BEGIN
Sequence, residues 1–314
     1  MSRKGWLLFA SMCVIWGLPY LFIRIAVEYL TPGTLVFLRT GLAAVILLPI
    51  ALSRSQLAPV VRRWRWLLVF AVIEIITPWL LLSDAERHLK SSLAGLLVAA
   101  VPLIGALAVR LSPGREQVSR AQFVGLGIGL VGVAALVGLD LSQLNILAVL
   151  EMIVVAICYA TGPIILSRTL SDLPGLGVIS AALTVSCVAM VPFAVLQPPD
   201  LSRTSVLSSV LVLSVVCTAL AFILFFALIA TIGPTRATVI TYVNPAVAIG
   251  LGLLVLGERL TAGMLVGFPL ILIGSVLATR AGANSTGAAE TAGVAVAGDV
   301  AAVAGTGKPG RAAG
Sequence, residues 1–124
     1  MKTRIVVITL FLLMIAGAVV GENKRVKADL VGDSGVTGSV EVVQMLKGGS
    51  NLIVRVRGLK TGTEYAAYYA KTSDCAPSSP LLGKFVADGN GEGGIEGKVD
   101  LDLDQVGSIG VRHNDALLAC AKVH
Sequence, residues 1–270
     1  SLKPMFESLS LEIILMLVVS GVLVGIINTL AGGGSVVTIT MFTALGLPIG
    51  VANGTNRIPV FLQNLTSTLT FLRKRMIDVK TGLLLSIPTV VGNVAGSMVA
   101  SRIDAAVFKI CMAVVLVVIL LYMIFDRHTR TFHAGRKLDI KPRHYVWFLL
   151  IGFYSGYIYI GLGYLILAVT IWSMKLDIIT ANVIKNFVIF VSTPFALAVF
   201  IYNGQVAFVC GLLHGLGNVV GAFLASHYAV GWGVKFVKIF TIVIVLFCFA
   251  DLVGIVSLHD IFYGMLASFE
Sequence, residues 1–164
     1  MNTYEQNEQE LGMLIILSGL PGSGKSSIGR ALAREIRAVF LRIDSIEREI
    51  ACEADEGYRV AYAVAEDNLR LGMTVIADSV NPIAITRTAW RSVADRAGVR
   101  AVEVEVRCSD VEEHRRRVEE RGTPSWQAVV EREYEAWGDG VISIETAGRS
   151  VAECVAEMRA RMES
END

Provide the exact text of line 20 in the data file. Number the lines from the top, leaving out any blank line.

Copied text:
Sequence, residues 1–164